Column: Mass puts our aging knees to the test

At Easter Mass a few weeks ago, the crowd was bigger than usual, and I had plenty of time to observe an aging boomer trend.

It’s harder to kneel as you age, if you’ve had knee surgery, especially knee replacement. And lower back problems can make impossible a long kneel.

So during kneeling time, I noticed many folks resting their behinds on the edge of the pew with their knees on the edge of the “kneelers.”

We need a new name for this church position. Sneeling? Snitting?

A fallen-away Catholic suggested the new stance be called “the falling away.”

A friend said the half-kneel-half-sit stance is called the “Episcopalian squat,” but I think he was joking, because he is not an Episcopalian.

The correct name for this stance would be the “Episcopal squat” anyway.

The Associated Press stylebook, a journalist’s bible, explains: “Episcopal is the adjective form; use Episcopalian only as a noun referring to a member of the Episcopal Church: She is an Episcopalian. But: She is an Episcopal priest.”

Your suggestions welcome. Email me at rebeccan@ spokesman.com

SPEAKING OF AP STYLE: The stylebook is clear about the word elderly. “Use this word carefully and sparingly. Do not refer to a person as elderly unless it is clearly relevant to the story.”

How about senior citizen? The AP entry reads: “Use the term sparingly. See elderly.”

The elderly discussion came up recently in our newsroom after Sandra Mize of Spokane, a 63-year-old grandmother of 10, kept a burglar at bay by gunpoint until police arrived. Initially, police officers told our reporter that the woman was “elderly.”

As the story was breaking, that was all the information our reporter had, and so the word elderly was used to describe the woman. As soon as the reporter learned the woman’s age, elderly was taken out of the story.

The older we get, the younger 63 sounds. That’s why Associated Press says be careful using the term. We try to be.

TRENDING ON FACEBOOK: A photo of the old-fashioned window cranks in cars. It’s how you got the windows open in the old days. A 2008 USA Today article declared window cranks a vanishing species.

Some boomers may remember the fears associated with the first electric windows. What would happen if your car flew into a body of water? You’d be trapped.

Turns out “a car’s electrical system should work for up to three minutes in water, so try the method of opening it electronically first,” advises wikiHow in its article “How to escape from a sinking car.”

TOO TRUSTING: Why are older people more prone to scams? Two UCLA studies, funded by the National Institute on Aging, concluded that “older people are less adept than younger people at discerning visual clues of dishonesty in others.”

In the first study, 119 older adults (average age 68) and 24 younger adults (average age 23) viewed 30 photographs of faces “intentionally selected to look trustworthy, neutral, or untrustworthy.”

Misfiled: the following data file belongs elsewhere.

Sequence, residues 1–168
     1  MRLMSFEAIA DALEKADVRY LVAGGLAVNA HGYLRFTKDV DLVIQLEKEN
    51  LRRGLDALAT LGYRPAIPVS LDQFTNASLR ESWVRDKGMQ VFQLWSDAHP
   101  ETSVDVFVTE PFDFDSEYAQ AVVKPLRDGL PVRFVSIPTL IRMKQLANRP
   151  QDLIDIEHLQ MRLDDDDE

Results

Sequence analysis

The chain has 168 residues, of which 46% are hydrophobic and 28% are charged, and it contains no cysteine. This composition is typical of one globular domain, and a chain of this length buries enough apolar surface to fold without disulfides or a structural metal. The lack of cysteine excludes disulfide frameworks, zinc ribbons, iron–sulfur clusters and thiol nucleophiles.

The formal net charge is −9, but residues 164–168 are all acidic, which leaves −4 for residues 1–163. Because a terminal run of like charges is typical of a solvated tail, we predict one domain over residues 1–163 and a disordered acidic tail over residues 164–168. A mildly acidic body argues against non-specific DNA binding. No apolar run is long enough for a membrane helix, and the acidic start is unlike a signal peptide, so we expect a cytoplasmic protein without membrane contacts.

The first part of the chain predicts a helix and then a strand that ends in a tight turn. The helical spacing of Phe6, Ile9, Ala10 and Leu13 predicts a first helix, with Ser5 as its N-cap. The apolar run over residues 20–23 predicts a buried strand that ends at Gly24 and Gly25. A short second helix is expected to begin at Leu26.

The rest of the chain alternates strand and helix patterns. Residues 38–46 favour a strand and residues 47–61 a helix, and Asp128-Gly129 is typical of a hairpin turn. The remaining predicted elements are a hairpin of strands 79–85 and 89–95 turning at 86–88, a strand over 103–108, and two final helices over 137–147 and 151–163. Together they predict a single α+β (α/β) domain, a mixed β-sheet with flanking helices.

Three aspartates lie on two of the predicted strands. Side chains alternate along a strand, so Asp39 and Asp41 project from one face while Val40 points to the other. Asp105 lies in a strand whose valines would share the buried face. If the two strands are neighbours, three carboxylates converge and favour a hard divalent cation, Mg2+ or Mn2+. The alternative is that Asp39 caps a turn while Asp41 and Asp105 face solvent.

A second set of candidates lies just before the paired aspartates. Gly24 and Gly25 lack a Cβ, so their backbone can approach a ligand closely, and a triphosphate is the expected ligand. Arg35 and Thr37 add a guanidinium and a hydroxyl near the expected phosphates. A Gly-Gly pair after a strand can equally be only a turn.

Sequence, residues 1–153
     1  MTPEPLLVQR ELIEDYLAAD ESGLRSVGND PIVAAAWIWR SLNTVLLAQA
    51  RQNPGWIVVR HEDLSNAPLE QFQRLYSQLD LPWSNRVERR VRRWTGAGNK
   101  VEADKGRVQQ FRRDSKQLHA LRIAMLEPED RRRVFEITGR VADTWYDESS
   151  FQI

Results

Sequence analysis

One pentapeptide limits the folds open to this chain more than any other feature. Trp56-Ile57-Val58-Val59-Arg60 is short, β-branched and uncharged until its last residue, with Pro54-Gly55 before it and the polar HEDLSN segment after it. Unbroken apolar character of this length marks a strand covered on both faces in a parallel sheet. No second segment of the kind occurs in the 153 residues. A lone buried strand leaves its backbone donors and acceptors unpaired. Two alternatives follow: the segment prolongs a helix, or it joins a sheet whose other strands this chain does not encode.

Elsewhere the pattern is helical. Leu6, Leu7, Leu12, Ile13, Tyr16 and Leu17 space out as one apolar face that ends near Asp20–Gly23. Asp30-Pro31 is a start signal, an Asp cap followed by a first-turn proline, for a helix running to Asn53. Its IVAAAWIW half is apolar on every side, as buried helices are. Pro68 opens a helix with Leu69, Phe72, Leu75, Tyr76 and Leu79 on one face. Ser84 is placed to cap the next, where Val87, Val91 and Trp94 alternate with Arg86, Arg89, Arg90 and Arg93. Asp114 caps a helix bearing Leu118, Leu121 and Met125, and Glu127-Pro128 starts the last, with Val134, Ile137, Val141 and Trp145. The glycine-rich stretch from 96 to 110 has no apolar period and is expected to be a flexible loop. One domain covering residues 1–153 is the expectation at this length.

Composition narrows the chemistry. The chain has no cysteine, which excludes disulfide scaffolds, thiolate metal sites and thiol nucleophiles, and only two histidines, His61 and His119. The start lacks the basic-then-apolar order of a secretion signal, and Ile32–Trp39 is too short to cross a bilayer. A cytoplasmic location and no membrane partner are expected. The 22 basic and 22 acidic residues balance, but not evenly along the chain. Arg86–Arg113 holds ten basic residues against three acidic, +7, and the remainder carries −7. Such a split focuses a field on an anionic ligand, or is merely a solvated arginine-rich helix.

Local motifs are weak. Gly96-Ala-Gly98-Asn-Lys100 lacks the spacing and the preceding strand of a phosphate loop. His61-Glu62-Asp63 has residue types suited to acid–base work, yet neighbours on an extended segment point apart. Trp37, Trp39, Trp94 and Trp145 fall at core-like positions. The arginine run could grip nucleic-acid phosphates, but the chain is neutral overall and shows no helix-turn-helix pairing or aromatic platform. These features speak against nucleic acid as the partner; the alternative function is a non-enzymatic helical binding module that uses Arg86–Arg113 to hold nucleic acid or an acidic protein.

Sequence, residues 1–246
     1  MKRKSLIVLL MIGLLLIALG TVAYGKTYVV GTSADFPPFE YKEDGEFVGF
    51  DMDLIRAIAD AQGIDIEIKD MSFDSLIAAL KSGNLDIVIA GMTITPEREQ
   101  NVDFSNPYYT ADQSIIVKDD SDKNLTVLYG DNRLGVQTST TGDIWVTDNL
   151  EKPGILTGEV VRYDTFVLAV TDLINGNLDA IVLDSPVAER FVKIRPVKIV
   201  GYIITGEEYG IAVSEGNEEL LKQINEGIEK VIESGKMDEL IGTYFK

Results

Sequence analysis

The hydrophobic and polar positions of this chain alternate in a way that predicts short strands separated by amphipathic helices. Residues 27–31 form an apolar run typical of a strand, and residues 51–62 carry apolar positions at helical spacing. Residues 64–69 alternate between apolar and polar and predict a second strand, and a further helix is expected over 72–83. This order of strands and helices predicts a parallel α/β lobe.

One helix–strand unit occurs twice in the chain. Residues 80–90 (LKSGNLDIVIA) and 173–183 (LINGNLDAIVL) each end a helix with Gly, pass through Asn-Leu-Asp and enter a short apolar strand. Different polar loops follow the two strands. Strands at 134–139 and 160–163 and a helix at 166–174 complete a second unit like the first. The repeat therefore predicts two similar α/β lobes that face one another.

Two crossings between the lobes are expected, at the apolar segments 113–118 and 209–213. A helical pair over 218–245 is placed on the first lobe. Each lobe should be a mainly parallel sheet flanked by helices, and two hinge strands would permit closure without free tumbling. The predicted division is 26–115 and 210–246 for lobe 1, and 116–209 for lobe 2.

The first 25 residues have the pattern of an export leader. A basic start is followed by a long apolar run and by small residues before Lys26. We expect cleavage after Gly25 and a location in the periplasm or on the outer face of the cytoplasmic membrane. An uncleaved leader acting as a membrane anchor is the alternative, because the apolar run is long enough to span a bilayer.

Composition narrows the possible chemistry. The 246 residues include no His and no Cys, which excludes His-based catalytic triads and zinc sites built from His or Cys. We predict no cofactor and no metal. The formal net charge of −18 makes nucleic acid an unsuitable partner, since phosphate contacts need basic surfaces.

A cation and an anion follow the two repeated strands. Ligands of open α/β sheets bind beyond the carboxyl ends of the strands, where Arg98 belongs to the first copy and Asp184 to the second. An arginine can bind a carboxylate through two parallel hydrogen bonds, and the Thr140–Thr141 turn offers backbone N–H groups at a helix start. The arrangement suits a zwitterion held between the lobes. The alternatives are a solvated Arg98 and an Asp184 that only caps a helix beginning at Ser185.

Both groups identified correctly the trustworthy and neutral faces. But younger adults reacted more strongly to the untrustworthy faces.

In the second study, older and younger adults underwent brain scans while looking at the faces. When viewing the untrustworthy photos, the younger participants had a lot of activity in the part of the brain associated with gut feelings. Older brains didn’t light up as much.

GAS SCAM: PART II: In last week’s column, I wrote about the well-dressed, 20-something man who tried to scam me out of gas money downtown until I told him I wasn’t going to fall for his “it’s an emergency and I’m out of gas” story.

After the column ran, a reader named Dennis emailed me his gas-scam story.

“In the last year, I have been nailed by this scam three times. Two were men, one was a woman. The first time was on a downtown street while I was waiting at a stoplight.

“The last was in a Costco parking lot. The lady was quite greedy. I gave her five bucks, and she tried to go for 10. (Opening bid was 20.) I fell for it twice, when I finally started realizing what was happening. The last time I blew the guy off.

“It is tough to potentially leave some innocent person stranded, but one has to presume that there aren’t that many innocent stranded people around after all.”

THIS WEEK, A SAMPLING: “King Richard III and the Princes in the Tower: Historical Mysteries Considered.” Gonzaga University’s history department’s new lecture series will feature a talk by associate professor RáGena DeAragon, inspired by the announcement from the University of Leicester in England that it had discovered the remains of King Richard III; 7:30 p.m., Thursday in the Jundt Art Museum’s auditorium on the GU campus, (509) 313-6695.

Women’s Drop-In Hockey, tonight, 6:45 p.m., Frontier Ice Arena, 525 W. Seltice Ave., Coeur d’Alene, (208) 765-4423.

For more events, go to Spokane7.com.


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